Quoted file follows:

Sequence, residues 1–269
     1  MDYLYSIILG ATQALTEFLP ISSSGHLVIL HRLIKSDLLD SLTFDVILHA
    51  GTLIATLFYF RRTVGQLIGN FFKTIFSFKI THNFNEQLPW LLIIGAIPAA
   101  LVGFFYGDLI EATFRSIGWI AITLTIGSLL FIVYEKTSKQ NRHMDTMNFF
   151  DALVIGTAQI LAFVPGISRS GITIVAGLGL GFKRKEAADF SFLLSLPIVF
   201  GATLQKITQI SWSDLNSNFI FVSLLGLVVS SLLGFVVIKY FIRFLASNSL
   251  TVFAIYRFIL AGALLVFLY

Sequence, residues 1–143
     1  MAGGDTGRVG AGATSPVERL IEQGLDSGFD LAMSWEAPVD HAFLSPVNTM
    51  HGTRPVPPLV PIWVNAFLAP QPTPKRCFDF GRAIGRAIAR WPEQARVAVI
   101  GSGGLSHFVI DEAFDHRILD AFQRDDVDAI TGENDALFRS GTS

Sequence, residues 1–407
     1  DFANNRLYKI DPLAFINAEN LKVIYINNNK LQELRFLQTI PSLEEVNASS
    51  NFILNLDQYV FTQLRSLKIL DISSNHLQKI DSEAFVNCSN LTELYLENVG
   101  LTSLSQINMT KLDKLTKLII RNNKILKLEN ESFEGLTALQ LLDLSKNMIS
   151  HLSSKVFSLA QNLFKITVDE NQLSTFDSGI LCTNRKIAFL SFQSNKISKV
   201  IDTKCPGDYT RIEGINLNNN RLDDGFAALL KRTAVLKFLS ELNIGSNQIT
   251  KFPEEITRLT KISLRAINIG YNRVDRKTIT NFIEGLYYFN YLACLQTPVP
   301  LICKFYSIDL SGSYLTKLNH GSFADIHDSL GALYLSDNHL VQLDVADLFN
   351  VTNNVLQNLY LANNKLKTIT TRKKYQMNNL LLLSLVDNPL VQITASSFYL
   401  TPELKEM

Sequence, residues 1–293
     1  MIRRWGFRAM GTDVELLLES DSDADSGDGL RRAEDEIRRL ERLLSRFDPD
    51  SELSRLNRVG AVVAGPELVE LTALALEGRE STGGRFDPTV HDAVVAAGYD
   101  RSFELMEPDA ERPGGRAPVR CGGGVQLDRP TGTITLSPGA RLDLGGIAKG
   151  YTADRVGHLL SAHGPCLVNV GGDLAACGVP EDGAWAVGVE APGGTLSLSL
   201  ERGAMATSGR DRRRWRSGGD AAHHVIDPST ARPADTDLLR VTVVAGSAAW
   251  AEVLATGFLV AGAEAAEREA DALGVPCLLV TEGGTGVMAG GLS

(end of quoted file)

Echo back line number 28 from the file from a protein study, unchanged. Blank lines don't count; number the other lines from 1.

   251  AEVLATGFLV AGAEAAEREA DALGVPCLLV TEGGTGVMAG GLS